I try to steer clear of doing editorials on ridiculous salaries in sports because outrageous contracts have become so commonplace that it's akin to commenting on the sunrise, but an agreement was struck this week that cries out for commentary because of its extraordinary stupidity.
Not surprisingly, it's a baseball contract. The Chicago Cubs have signed first baseman Carlos Pena to a one year free agent deal worth 10 million dollars, which doesn't even put Pena in the top 25 as baseball salaries go, but here's where it gets surreal: Pena hit .196 last season. ONE-NINETY-SIX. That's below the Mendoza Line - baseball's folkloric threshold for incompetent hitting, named for banjo-hitting former major league shortstop Mario Mendoza, and symbolic of a batting average below .200. There was a time when you'd be lucky to still be in baseball if you hit a buck-96 over a full season. In the early 21st century, it'll get you 10 million dollars a year.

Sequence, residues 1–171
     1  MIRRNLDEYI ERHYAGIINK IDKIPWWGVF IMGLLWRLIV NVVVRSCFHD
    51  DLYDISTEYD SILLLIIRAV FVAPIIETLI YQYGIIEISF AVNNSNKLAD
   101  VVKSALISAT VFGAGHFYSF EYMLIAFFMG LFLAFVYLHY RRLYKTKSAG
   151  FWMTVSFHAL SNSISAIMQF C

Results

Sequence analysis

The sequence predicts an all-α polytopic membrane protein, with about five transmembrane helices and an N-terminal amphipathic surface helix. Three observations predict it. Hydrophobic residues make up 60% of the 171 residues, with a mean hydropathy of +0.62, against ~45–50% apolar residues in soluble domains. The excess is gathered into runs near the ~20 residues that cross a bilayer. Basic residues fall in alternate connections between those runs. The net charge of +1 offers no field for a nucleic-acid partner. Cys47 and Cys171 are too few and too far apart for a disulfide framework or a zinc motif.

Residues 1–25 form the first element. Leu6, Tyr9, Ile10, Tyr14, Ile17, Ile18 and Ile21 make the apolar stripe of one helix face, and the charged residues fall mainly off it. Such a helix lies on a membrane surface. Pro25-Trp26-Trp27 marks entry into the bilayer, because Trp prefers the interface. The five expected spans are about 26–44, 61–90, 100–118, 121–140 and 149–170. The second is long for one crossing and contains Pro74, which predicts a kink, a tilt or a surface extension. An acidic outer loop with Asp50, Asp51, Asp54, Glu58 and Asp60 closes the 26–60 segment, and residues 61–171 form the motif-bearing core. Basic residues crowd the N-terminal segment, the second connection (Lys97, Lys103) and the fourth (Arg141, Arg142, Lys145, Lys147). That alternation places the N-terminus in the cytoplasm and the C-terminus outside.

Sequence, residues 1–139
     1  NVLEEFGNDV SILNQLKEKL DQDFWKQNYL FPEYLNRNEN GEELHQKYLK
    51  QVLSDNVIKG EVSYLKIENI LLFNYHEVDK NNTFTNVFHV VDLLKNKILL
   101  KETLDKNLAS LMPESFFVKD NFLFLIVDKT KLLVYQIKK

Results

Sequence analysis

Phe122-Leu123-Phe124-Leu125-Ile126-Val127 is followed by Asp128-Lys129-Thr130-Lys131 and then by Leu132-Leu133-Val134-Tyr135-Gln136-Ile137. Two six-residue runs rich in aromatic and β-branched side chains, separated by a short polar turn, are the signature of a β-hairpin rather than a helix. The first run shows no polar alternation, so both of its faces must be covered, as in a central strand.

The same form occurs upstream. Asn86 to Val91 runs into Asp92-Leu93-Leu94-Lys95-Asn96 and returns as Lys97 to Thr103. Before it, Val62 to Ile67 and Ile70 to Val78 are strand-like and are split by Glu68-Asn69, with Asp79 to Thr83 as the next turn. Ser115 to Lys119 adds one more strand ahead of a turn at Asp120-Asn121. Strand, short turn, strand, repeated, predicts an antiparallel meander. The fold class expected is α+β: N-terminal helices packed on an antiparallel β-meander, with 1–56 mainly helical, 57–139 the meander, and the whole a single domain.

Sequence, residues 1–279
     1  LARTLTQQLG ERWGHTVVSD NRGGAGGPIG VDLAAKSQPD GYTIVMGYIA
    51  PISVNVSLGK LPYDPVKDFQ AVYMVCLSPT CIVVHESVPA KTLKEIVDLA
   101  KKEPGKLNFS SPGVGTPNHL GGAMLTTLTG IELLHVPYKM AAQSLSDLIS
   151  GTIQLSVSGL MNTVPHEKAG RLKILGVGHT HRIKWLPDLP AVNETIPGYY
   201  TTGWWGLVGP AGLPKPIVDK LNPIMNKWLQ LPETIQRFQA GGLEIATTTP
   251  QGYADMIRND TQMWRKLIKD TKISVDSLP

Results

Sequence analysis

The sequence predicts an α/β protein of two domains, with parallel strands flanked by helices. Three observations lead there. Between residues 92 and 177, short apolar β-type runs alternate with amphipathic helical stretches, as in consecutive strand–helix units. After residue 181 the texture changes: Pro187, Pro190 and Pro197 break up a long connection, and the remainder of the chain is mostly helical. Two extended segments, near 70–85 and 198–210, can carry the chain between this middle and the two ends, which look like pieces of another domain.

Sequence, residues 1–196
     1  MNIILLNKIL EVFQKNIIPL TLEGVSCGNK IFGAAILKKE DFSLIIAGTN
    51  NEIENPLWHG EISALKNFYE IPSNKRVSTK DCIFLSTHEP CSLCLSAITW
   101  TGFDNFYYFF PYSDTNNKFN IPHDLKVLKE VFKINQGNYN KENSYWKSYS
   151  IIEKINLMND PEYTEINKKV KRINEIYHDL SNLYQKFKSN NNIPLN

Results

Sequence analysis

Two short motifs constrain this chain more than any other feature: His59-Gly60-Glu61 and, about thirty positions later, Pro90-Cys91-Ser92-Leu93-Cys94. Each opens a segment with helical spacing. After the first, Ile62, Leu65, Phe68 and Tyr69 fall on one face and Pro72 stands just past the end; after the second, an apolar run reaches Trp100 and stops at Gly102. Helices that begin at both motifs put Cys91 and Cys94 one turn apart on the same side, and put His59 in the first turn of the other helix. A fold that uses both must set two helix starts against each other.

Yes, I know Pena hit 28 home runs this year - or about one homer every 17 at bats - but those are only fair-to-middling numbers for a power hitter, and he also struck out 158 times, or about once every three at bats. More power to him if he can parlay that kind of brutally disproportionate success-to-failure ratio into 10 million dollars, but that's a ridiculous amount of money to pay for a one-dimensional feast or famine hitter whose a lot more familiar with famine than he is with feast.